August 9, 2017


I was born into a family that believed in going to church every Sunday and every holiday.  I grew up in the church, met many friends through the church, and for the majority of my life the church was all I knew.  But like most things, I grew out of it.  My views changed so much that they no longer correlated to the ones of the church.  I began to question God and religion, in general.  My discomfort with the church stemmed from the political tension that had spread from church to state.  I realized the cross that stared back at me for so many years, meant something different from what I had thought it stood for.  Religion is like a bad taste in my mouth, because I see what’s happening in “the name of God” in government policies.  I see that religion is used to justify taking away people’s  human rights.  As if all of a sudden, God wrote a new bible that  gave certain “moral” rights to only straight, cis-gendered people.  LGBTQ+ are excluded from this religious narrative and even if they are religious, they are persecuted and targeted for openly being themselves.  That is why I stopped believing in God. The God that religious people  follow was not the one that I wanted to associate myself with.  And with many people that's how it is for them too.  Yes, I know many people who remain religious and remain true to their faith, but they go against much of what the church says.  They don’t follow the church narrative, they go by how they perceive religion.  But I’m not most people, as a queer woman of color, I recognize the church has no place for me.  Even with a reformed ideology, I still see the hatred and discomfort from people who continue to believe that I’m going to hell for being queer.  That’s why when I moved Oregon, it was a better atmosphere to live in.  The inclusive environment made me feel comfortable in how I identified myself.  It  allowed me to take my time to find myself without being viewed as an outsider.  Oregon didn't have a religious agenda and the people I met were wonderfully inclusive.  For a brief period, it made me rethink religion and about my stance with God, but I have not done anything beyond that point.  I listen to different religious practices, experiencing the difference in their ideologies and compare it to the one I grew up in.  I found comfort at the University of Oregon and a family that I never experienced before.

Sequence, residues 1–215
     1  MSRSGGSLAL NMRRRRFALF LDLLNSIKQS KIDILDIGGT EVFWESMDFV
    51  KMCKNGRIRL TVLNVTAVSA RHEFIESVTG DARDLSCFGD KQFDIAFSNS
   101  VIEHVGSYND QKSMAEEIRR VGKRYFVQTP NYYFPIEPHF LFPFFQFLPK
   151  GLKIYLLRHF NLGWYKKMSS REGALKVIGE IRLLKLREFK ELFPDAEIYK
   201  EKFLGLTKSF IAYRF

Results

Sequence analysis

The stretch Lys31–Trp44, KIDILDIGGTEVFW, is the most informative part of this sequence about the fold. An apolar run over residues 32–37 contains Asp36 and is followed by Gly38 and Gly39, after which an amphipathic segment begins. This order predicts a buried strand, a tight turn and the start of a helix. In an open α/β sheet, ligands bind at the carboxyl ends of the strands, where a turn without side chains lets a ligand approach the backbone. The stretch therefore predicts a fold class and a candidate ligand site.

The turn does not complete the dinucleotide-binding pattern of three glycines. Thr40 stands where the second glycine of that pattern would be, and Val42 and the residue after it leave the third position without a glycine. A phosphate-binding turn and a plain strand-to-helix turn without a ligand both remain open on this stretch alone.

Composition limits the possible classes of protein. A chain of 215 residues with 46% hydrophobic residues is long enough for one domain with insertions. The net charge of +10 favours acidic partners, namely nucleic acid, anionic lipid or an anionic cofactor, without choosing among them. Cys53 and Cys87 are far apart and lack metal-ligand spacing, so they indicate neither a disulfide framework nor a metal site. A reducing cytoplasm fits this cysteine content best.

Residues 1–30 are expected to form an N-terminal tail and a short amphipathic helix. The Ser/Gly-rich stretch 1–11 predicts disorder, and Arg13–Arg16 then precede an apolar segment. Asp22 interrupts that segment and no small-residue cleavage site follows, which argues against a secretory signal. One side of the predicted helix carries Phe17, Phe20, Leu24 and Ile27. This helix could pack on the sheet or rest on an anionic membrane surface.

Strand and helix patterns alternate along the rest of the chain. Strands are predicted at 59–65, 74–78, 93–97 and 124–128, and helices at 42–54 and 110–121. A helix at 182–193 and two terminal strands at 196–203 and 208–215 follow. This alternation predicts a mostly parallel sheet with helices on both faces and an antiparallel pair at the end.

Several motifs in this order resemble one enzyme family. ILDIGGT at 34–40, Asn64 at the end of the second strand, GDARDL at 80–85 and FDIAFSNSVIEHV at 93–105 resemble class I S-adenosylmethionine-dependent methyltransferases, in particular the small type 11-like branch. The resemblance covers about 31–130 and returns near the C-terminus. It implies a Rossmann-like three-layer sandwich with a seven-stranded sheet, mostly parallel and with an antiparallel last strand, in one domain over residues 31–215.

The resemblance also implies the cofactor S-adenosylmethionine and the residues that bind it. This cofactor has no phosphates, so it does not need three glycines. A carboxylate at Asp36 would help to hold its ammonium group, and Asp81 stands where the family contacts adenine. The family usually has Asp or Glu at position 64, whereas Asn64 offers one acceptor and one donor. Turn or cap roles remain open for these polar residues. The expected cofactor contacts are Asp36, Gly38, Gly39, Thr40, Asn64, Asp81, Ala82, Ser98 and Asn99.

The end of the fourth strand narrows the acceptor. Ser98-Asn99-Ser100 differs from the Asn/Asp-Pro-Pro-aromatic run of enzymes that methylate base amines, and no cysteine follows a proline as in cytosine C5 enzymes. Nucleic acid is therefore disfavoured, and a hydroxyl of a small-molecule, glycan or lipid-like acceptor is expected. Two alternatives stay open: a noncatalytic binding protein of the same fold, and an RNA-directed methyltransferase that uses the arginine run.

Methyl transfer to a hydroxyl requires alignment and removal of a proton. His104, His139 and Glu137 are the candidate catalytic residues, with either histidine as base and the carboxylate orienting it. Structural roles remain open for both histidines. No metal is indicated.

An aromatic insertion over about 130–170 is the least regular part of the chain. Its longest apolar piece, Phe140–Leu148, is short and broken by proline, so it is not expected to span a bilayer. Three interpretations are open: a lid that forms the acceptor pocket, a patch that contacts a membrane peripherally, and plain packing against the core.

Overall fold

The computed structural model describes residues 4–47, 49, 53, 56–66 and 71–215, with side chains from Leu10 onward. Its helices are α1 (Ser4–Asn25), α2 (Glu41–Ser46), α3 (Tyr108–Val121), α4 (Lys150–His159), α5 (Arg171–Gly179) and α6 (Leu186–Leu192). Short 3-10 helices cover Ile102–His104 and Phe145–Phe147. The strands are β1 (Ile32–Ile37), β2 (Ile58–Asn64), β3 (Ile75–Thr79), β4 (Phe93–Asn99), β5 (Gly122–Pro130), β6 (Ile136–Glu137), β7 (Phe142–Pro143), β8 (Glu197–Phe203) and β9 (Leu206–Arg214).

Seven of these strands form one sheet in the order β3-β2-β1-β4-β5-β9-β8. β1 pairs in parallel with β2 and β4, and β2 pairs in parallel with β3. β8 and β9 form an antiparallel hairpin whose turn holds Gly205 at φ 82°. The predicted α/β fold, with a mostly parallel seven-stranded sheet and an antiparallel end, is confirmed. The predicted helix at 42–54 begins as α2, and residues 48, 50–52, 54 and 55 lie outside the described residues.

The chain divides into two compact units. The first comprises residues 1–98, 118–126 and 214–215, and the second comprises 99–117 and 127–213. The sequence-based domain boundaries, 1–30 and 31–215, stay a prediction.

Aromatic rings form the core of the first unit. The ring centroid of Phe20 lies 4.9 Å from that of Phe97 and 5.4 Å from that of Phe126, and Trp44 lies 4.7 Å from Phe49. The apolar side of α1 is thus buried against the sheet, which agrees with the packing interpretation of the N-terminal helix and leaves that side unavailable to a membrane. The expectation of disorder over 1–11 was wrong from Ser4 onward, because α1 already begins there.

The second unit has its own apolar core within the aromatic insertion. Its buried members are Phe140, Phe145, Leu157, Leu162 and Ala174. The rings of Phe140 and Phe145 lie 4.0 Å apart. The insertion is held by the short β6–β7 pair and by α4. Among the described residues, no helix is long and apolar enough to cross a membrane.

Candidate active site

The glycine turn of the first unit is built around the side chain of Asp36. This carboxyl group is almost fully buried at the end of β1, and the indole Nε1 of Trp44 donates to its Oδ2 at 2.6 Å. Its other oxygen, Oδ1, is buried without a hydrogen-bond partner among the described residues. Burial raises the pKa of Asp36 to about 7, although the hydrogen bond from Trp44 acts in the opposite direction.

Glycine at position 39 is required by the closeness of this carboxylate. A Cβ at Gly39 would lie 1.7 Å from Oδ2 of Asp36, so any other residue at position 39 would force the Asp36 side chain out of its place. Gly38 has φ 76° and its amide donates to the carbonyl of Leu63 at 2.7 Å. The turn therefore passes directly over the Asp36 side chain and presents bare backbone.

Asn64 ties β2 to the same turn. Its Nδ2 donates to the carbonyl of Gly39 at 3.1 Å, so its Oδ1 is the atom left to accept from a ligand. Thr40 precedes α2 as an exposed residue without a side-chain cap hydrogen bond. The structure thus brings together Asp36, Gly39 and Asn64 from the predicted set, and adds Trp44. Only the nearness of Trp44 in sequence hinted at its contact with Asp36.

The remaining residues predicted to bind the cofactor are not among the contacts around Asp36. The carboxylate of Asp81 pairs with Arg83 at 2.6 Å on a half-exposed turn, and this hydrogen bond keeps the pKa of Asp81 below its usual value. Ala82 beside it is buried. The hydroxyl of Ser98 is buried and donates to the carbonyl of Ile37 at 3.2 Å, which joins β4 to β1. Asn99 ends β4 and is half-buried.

I appreciate our differences and I’m more aware of the power that religion has on the political sphere; I hope to create a larger divide between church and state.  Because though I respect people and their religion, there are certain attributes in the Bible that are not important to our current time.  


It is time to send the message of love and hope rather than hate and exclusion.  LGBTQ+ are important, people of color are important, women are important, everyone is important.  Do not use religion to dehumanize people, instead open your heart  like the God I used to believe in.  Accept people, because as long as they are alive, God made them for a reason and made them who they are.  They would not be on this earth if He didn’t.



Ellyse B.



The author is a sophomore at the University of Oregon, and grew up attending Westchester UMC in Los Angeles.  


Photo: Gawker.com


Share on Facebook
Share on Twitter
Please reload

Stay Connected
Contact Us
Copyright © 2018 Westchester United Methodist Church​
8065 Emerson Avenue, Los Angeles, CA 90045
(310)670-3777; wumcoffice1@sbcglobal.net